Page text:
GDPR EU Representative
Amongst the current whirlwind of Brexit-related stuff – international data transfers, adequacy decisions and possible UK data regime divergence – it would be easy to overlook the GDPR requirements regarding appointing an EU representative.
As of 1st January 2021 organisations in the UK, like others based outside the European Economic Area (EEA), may fall under this obligation. Conversely, organisations based outside the UK may fall under a requirement to have a UK representative.
Do you need an EU representative?
If you’re based in the UK and;
- offer goods and services to individuals in the EEA
- monitor individual’s behaviour
- you don’t have a branch, office or establishment in an EEA state
You’ll need to appoint an EU Representative.
What constitutes ‘Offering Goods and Services’?
The European Data Protection Board (EDPB) guidelines on GDPR territorial scope provides helpful pointers on whether you would be considered as ‘offering goods and services’ to EU citizens.
Just because your website might be accessible to EU citizens isn’t enough to warrant the necessity of having an EU Representative. It needs to be ‘apparent or envisaged’ your products and services are being offered to individuals in one or more EU member states.
Let’s take a look at what that means. Does your organisation;
- describe products and services in the language of an EU member state?
- offer prices in Euros?
- actively run marketing and advertising campaigns targeting an EU country audience?
- mention dedicated contact details to be reached from an EU country?
- use any top-level domain names, such as .de or .eu?
- describe travel instructions from one or more EU member state to where your service is provided?
- mention clients/customers based in one or more EU states?
- offer to deliver goods to EU member states?
Answering ‘Yes’ to one or more of the above means it’s likely you fall under the requirements of GDPR Article 27 to appoint an EU Rep.
You will not need to appoint a representative if you are;
- a public authority
- your processing is only occasional, is of low risk to the data protection rights of individuals, and does not involve the large-scale use of special category or criminal offence data.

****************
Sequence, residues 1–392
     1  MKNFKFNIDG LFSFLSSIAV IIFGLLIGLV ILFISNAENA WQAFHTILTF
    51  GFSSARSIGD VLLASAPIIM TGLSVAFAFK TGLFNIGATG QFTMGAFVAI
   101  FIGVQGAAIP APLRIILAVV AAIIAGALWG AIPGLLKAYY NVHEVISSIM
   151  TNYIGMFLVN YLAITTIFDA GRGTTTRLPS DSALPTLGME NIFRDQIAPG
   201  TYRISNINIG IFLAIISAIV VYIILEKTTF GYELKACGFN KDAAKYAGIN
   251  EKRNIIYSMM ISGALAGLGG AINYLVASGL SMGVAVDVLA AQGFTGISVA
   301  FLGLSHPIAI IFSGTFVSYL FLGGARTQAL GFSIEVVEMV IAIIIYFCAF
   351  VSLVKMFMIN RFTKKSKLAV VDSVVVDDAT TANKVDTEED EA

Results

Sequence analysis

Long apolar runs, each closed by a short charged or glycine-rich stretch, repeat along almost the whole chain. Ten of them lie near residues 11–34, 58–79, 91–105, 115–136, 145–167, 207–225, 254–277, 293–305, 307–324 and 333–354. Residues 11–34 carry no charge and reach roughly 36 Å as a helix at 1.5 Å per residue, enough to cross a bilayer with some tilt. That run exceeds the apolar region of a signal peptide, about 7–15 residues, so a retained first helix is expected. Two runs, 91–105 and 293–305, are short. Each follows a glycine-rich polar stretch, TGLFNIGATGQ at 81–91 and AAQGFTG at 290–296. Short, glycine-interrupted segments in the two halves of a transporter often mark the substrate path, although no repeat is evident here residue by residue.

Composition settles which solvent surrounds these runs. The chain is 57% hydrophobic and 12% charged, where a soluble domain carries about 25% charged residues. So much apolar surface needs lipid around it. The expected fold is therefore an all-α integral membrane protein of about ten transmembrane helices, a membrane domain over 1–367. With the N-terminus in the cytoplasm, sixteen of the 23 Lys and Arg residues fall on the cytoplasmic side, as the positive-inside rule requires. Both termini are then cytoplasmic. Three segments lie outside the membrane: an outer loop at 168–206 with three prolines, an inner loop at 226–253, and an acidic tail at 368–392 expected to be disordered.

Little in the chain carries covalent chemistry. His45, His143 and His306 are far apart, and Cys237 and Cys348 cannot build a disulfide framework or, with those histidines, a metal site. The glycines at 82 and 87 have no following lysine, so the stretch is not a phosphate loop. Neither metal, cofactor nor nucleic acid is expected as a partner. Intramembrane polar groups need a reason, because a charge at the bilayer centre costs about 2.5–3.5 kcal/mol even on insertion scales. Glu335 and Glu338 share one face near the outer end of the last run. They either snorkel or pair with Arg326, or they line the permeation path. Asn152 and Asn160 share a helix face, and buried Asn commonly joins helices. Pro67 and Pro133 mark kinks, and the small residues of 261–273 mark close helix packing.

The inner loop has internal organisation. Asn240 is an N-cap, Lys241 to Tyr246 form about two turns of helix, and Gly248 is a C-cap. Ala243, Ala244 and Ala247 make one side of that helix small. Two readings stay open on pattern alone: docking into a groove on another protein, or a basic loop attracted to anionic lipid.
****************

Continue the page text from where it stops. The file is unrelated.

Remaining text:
For example, here at the DPN we don’t need to appoint an EU Representative. Our website is clearly accessible to EU citizens, people can sign up for our newsletter or webinars from anywhere in the world, and we may do some consultancy work for an EU-based company. However, we are a small business and our answer to all the above questions is NO.
However, if you are actively targeting marketing or advertising campaigns at EU citizens, you are likely to fall under the requirement.
What an EU Representative does
You’ve established you need an EU Representative? You need to know what their responsibilities are before finding a company to provide this service.
Your EU representative has the following core responsibilities:
- co-operating with the EU supervisory authorities on your behalf
- facilitating communications between EU citizens and your organisation
- being accessible to individuals in all relevant member states (i.e. clearly mentioned in your privacy notice as the contact for EU citizens)
- supporting you to manage your Record of Processing Activities (RoPA) in accordance with Article 30 of the GDPR.
A number of professional services have sprung up offering to be representatives, with Ireland proving a particularly popular location, not least because there are no language issues for UK companies.
However, you should be mindful you need to pick a relevant country, if your clients/customers are primarily Italian, your representative should be based in Italy.
What about UK Representatives?
Under UK GDPR (which will sit alongside an amended version of the UK DPA 2018) there will also be an obligation on organisations based outside the UK to appoint a UK representative if they have no office, branch, establishment in the UK and they;
- offer good and services to UK citizens
- monitor the behaviour of UK citizens
Again, if your processing of UK citizen’s data is occasional, is of low risk to the data protection rights of individuals, and does not involve the large-scale use of special category or criminal offence data, the requirement for a UK Rep will not apply.
Finally, if you haven’t done so already any UK organisation needs to update their policies and privacy notices to reflect that the UK will be outside the EU. You may also need to just double check any DPIAs and other assessments regarding international data transfers.
On a recent ICO Brexit webinar someone asked whether policies and notices need to be updated by 1st January 2021. The response was organisations should make efforts to make sure documentation is revised but, as always, the regulator would take a ‘proportionate and reasonable’ approach.
I think it’s fair to say there’s a little breathing space, but we recommend businesses do this sooner rather than later.
Philippa Donn, December 2020
If you are based outside the UK, we offer a UK Representative Service. Get in touch if you’d like more information and to chat with one of the team.
Also see the ICO’s Guidance on EU Representatives
The information provided and the opinions expressed in this document represent the views of the Data Protection Network. They do not constitute legal advice and cannot be construed as offering comprehensive guidance on the EU General Data Protection Regulation (GDPR) or other statutory measures referred to.